Undergraduate Student Explanations About Molecular Processes in Information Flow and Transfer in Biology


National calls to improve science education include focusing on scientific practices coupled with learning disciplinary core ideas. Among the practices is constructing explanations, which include a mechanism in cellular and molecular biology, and are used by experts to make predictions about phenomena. In this work, we developed an assessment of undergraduate mechanistic explanations about the biology core concept of genetic information flow. We collected and coded 346 undergraduate student written responses. Using a mechanistic framework, we developed a rubric to capture student knowledge in their written responses. The rubric captures whether students provide a fully mechanistic, submolecular explanation of transcription, which is a key process in genetic information flow. We used this rubric to compare five item versions and found that one version elicited fully mechanistic explanations from 20% of students, compared to between 2 and 13% from other versions. This version included the element of time, by indicating that a new RNA was formed as part of transcription. We also found that students integrated a median of two related ideas with their explanation of transcription. Our work demonstrates that careful wording is essential for item writing and that students can explain molecular processes like transcription by leveraging sub-molecular mechanisms.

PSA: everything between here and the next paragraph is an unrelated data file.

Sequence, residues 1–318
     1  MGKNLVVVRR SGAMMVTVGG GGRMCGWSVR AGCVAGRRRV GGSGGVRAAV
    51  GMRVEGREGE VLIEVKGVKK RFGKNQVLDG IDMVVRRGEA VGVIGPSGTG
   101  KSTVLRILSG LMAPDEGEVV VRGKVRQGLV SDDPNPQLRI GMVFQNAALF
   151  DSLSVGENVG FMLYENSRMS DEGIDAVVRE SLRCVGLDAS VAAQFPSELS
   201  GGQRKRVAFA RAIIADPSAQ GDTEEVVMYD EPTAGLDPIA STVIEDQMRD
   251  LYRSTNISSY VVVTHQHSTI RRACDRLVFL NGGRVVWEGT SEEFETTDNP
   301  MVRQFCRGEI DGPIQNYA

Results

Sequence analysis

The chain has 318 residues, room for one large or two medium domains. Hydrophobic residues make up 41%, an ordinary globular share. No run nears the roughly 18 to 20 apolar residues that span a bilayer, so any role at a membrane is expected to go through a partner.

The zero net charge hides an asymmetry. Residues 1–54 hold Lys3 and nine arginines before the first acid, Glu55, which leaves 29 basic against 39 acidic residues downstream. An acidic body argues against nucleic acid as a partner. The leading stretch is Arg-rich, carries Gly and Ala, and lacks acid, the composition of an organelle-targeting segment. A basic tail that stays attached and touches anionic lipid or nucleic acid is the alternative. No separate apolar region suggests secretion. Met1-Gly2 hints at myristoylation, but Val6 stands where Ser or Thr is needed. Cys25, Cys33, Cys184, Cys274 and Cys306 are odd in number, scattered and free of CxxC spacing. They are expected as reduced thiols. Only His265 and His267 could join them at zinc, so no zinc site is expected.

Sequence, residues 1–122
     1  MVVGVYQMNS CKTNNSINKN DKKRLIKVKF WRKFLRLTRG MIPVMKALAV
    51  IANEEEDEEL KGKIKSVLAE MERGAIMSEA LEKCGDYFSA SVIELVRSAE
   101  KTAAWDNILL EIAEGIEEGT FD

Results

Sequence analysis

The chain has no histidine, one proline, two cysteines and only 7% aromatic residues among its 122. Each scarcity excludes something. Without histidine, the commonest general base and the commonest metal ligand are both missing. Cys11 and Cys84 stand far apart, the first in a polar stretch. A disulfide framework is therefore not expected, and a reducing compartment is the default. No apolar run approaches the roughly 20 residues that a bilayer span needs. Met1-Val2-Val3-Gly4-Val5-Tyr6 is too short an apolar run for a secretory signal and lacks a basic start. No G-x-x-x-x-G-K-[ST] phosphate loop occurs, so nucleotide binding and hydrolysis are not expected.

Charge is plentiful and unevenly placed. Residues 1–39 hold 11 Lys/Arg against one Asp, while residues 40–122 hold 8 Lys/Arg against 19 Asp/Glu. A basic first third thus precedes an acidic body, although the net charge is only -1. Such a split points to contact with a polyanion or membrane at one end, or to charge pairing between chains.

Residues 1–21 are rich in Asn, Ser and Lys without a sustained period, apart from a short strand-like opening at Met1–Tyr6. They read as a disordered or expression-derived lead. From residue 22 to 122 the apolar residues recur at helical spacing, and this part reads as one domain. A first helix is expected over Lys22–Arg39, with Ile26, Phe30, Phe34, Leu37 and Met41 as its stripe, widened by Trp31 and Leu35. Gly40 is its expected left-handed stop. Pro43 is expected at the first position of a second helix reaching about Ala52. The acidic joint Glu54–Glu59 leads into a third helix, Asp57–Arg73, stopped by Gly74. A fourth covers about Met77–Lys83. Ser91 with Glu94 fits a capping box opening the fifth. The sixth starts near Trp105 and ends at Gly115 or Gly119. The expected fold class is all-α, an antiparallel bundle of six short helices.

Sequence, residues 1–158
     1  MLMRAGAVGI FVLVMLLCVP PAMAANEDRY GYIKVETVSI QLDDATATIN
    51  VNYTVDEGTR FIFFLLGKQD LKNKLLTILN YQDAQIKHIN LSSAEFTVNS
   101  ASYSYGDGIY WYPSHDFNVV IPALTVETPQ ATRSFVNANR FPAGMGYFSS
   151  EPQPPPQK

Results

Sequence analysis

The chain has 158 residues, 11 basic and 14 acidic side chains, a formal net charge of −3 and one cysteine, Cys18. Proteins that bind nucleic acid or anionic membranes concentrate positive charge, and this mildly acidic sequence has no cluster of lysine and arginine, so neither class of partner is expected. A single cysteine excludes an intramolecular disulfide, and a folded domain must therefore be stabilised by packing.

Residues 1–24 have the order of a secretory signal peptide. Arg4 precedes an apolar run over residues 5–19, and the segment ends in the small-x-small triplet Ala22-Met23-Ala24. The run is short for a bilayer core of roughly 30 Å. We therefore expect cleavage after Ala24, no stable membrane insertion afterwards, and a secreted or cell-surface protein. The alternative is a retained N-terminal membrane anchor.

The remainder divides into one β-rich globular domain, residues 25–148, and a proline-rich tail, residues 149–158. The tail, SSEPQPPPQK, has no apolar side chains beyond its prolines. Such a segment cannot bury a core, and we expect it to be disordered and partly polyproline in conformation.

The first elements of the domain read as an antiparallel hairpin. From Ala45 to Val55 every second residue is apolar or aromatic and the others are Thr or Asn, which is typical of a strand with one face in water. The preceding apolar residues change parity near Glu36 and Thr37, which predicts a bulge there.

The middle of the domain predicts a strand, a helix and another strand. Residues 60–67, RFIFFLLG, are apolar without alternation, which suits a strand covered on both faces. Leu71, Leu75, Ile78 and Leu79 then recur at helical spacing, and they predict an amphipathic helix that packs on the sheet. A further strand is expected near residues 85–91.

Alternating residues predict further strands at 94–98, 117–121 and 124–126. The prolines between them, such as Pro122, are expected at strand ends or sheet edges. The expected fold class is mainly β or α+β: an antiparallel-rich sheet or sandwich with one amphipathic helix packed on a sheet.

Juli Uhl, Kevin Haudek

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NARST Annual Conference

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National Association for Research on Science Teaching and Learning

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